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The Creator of the Magic Formula

A professor at the Columbia University, he is also the founder of the hedge fund Gotham Capital, which he set up in 1985. Greenblatt is well known for his two books: You Can Be a Stock Market Genius: Uncover the Secret Hiding Places of Stock Market Profits and The Little Book that Beats the Market

Joel Greenblatt The Creator of the Magic Formula

Joel Greenblatt set up the hedge fund Gotham Capital in 1985. The reason you should learn about Greenblatt's techniques is because his Gotham Capital returned 40 per cent annually for 20 years!

Buying good, profitable companies at cheap prices is not exactly a revolutionary idea; this is what Warren Buffett has successfully done for decades. But Greenblatt has created a systematic way to do so, and most of the heavy lifting of number crunching is done by his Magic Formula. The Magic Formula is a stock screener which ranks stocks by two factors: profitability based on Greenblatt's chosen metric, return on capital employed (ROCE), and earnings yield (EY), which is the inverse of the P/E ratio, defined here by him as EBIT/enterprise value.

Greenblatt called these inputs 'good' and 'cheap' factors. He looked for companies that were both good and cheap. This formula had, and continues to have, extraordinary outperformance and Greenblatt still feels that a focused approach to investing will yield higher returns, but a formula approach, i.e., buying a more diversified basket of quantitatively undervalued stocks, is an approach he now prefers due to its simplicity and diversification, yet still above-average returns.

Although his philosophy is similar to Graham's, his strategy was much more focused. The Magic Formula is simply a combined ranking of return on invested capital and enterprise value/EBIT (a variation of the more well known P/E ratio). For casual investors, Greenblatt recommends buying a portfolio of 20-30 Magic Formula stocks, holding them for one year, and then re-running the process annually.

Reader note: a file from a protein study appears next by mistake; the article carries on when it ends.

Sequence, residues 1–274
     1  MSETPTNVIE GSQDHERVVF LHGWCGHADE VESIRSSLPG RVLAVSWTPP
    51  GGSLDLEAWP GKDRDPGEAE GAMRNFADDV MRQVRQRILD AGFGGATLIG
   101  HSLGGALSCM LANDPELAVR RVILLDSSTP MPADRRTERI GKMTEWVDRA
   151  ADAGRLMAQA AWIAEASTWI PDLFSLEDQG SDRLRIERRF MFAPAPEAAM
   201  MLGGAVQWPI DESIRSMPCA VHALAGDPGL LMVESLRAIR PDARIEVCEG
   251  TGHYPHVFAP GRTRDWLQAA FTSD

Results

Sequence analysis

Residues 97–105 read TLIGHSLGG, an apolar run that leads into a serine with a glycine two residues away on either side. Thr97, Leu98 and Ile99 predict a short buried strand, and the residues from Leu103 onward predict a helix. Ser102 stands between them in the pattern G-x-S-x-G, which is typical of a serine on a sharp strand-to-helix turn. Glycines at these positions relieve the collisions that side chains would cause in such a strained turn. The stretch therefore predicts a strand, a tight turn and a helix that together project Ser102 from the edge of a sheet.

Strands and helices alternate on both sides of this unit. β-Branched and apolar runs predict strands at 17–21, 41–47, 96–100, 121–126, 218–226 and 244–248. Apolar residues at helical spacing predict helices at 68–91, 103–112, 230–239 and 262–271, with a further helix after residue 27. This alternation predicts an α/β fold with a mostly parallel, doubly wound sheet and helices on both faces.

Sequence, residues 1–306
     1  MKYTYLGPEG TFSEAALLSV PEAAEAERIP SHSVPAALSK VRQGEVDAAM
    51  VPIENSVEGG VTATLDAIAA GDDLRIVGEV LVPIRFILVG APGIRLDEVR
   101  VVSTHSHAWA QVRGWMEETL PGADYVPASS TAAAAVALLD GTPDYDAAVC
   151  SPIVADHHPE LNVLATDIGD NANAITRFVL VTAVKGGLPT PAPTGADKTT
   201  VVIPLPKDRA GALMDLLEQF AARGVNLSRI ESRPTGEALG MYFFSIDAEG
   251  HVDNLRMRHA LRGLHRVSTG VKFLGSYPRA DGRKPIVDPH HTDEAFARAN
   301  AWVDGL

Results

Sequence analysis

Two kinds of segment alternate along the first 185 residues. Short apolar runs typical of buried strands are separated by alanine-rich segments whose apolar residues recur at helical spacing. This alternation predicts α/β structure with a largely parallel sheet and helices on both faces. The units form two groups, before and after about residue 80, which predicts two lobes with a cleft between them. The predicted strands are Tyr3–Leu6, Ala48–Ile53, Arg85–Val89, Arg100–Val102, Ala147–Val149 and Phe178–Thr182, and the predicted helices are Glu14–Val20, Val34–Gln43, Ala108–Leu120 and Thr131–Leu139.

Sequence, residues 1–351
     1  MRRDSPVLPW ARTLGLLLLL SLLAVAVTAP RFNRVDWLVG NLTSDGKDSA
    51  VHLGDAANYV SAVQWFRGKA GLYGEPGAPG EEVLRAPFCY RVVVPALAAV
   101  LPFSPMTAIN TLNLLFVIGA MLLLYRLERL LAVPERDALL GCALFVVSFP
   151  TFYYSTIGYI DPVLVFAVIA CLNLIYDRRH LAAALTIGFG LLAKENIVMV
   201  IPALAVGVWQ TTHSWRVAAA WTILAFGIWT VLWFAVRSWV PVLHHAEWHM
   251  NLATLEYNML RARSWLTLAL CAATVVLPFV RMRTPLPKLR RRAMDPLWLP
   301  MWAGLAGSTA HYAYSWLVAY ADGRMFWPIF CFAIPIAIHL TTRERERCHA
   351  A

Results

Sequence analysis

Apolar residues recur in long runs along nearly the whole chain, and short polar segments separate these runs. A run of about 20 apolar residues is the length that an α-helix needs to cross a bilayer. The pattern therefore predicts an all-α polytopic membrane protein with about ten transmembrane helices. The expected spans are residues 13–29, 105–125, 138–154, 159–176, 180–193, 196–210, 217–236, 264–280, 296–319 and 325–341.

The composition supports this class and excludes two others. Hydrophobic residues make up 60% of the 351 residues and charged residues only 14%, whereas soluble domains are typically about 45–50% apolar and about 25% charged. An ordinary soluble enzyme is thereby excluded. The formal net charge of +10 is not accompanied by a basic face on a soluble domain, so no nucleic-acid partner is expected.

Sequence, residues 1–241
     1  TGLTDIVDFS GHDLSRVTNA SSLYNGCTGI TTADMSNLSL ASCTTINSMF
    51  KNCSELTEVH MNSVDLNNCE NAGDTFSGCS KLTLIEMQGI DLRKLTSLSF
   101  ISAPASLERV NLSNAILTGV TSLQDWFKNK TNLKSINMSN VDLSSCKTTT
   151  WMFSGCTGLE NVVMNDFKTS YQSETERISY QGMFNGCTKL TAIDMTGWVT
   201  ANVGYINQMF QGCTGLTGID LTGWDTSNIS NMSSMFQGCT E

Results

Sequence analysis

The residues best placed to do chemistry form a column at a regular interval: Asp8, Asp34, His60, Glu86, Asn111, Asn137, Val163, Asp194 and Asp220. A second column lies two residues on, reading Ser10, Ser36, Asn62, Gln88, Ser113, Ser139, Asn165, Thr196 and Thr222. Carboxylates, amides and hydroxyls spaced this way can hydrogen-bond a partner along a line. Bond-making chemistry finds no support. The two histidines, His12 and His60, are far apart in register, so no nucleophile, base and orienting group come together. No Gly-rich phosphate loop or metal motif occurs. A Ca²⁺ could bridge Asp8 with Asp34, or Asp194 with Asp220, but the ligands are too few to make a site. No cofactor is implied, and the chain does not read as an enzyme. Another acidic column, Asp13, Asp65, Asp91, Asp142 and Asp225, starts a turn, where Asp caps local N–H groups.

Timeless principles
Greenblatt stresses discipline and his research shows that while beating the market is hard, it doesn't have to be complicated. The hard part comes not in developing a complex strategy but instead in finding a proven approach and sticking to it through good times and bad.

Greenblatt's filter
The Magic Formula filter is a modification of Graham's simplest way to select bargain stocks. Greenblatt combines companies with high earnings yield with high return on capital to come up with a list of high-quality companies trading cheap. He made some of his own adjustments to come up with his screen. He eliminated banks, financial institutions and utilities to try the Greenblatt filter and calculated the earnings yield by dividing EBIT by the enterprise value.

  1. The earnings yield compared the profit generated with the market's valuation of the company (EBIT/enterprise value).
  2. The companies were then ranked. The highest EY was ranked no. 1 and so on.
  3. Next came the ROCE, which was derived by dividing EBIT with the sum of net fixed assets and working capital.
  4. Return on capital = EBIT/(Net fixed assets + Working capital). Companies were ranked. The highest ROCE was ranked no. 1 and so on.
  5. The two ranks were combined with the lowest ranks coming first.
  6. The top 30 stocks were selected. After due research into each of them, these stocks should be held for a period of three to five years.